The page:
Many people use information systems and information technology as if they meant the same. They are different, and it is important for you to understand the difference between them. As we illustrated in Figure 10.1, an Information System is comprised of two sub-systems, a social subsystem and a technical subsystem. The social subsystem has two parts: people and organizational structure. The technical subsystem also has two parts: technology and business processes. The reason it is important to understand this is that all four parts of an Information system must work effectively if the system is to meet the needs for which it was designed and installed.
Information systems can be very powerful tools to help you run your organization. On the other hand, in a startup, be sure you need the support of information systems before you invest in them. It may be that you can handle your operations manually for a time and avoid the cost and time investing in a computer-based IS requires.
If you do decide to move forward with computer-based information systems it is wise to develop a plan first, and make sure you are proceeding in an orderly manner. There are three general approaches to developing an IS plan. You will also find that you have many options available for hardware and software, and the options can vary widely in initial purchase price and the kind of support provided by the vendor. If you see value in having a website there are some generally-accepted principles you should follow to make your website effective.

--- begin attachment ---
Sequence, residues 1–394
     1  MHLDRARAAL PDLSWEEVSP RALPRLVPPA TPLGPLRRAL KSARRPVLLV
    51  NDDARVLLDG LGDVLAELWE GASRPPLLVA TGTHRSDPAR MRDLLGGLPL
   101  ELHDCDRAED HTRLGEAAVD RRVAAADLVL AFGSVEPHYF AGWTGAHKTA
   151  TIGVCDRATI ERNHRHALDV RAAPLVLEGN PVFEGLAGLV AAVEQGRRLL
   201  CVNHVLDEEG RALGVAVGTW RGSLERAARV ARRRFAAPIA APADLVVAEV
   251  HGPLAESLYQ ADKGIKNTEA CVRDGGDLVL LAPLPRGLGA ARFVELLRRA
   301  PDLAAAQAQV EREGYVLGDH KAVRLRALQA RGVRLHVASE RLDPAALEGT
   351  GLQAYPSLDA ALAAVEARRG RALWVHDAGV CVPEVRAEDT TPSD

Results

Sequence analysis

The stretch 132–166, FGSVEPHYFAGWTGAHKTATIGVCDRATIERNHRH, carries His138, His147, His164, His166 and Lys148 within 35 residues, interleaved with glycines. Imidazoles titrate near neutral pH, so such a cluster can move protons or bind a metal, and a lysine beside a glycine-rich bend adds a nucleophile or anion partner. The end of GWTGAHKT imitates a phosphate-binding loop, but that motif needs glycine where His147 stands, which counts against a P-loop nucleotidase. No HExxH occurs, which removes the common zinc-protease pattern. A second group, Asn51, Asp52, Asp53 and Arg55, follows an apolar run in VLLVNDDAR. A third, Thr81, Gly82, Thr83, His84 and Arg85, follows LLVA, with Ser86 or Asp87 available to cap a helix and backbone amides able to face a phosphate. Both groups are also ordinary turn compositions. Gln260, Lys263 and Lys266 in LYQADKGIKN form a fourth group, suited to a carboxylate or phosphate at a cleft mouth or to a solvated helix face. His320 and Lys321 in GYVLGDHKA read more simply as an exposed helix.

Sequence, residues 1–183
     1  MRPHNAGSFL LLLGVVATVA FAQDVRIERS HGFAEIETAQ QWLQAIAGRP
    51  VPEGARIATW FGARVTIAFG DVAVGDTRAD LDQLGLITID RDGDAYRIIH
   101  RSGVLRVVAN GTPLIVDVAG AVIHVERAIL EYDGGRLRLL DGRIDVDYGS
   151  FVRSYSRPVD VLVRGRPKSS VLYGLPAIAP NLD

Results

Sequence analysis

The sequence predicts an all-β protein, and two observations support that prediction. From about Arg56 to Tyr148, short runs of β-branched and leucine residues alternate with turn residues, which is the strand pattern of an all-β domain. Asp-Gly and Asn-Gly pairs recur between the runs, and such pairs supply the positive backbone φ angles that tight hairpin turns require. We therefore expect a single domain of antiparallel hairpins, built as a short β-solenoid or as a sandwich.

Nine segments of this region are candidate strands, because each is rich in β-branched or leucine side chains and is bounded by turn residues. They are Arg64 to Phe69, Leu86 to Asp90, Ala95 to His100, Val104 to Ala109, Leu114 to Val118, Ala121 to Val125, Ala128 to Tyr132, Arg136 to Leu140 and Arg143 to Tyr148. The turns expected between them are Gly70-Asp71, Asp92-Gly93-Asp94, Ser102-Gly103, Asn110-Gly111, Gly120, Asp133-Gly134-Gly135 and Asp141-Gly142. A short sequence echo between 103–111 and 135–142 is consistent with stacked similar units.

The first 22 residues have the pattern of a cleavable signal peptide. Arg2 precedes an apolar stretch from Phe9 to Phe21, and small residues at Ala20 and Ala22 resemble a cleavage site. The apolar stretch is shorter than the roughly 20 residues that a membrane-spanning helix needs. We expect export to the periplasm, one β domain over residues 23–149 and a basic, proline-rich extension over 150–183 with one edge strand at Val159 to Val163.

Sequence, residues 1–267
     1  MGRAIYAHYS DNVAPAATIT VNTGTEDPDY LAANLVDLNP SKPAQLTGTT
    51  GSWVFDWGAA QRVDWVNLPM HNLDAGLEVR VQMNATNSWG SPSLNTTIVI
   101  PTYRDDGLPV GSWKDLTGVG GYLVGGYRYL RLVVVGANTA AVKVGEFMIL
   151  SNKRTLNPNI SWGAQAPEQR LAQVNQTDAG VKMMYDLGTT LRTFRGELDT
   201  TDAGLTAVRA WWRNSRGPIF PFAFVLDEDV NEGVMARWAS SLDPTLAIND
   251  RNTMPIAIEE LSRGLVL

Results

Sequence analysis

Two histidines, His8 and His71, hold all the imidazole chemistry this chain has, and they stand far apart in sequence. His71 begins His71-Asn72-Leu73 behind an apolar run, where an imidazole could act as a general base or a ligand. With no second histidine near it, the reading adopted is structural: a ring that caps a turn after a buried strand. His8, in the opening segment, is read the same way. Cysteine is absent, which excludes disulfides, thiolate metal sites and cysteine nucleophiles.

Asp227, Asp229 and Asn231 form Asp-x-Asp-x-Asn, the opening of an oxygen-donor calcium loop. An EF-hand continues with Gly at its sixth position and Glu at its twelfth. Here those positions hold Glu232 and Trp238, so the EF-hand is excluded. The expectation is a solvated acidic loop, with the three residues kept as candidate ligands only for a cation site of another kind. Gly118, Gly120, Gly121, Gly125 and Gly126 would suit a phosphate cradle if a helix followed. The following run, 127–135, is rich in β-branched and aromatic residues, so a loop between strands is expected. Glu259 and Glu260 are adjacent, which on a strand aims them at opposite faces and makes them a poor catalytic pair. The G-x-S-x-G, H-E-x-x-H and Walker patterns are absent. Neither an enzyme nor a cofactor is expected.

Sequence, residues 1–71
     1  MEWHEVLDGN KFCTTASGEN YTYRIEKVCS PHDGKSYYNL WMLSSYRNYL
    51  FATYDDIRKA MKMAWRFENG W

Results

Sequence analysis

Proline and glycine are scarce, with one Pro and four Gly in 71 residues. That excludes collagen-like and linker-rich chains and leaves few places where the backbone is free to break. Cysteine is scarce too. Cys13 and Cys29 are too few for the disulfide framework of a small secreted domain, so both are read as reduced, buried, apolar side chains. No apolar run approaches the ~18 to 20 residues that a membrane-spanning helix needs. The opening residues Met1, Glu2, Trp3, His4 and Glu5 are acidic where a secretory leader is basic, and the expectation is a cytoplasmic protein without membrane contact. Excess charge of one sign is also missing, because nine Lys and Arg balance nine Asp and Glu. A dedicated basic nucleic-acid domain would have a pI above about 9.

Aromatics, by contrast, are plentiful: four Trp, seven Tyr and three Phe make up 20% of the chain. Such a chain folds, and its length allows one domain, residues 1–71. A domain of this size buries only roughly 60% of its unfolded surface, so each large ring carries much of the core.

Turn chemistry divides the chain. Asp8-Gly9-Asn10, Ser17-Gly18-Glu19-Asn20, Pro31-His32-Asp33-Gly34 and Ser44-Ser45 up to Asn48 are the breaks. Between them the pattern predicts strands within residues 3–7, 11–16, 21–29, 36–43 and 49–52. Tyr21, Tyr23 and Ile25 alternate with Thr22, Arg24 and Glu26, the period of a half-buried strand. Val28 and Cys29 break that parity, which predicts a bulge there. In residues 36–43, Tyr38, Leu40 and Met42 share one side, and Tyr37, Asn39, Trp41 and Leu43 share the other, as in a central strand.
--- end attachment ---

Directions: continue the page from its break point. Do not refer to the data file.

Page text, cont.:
Many organizations have found ways to use IS for competitive advantage. Michael Porter’s frameworks, the five forces model, the three generic strategies, and value chain have proven to be useful tools in coming up with ideas for innovative information systems.
Finally, when an organization has valuable information stored in computers, it is exposed to risks from errors and from various internal and external threats. It is important for managers to evaluate the risks and come up with cost-effective measures to be sure the organization is adequately protected from loss or damage to valuable information.